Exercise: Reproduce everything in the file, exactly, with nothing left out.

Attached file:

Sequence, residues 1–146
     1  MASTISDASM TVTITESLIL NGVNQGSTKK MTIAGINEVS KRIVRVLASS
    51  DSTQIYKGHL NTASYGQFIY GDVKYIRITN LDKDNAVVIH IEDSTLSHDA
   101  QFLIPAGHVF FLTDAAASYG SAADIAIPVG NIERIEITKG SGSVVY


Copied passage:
Sequence, residues 1–146
     1  MASTISDASM TVTITESLIL NGVNQGSTKK MTIAGINEVS KRIVRVLASS
    51  DSTQIYKGHL NTASYGQFIY GDVKYIRITN LDKDNAVVIH IEDSTLSHDA
   101  QFLIPAGHVF FLTDAAASYG SAADIAIPVG NIERIEITKG SGSVVY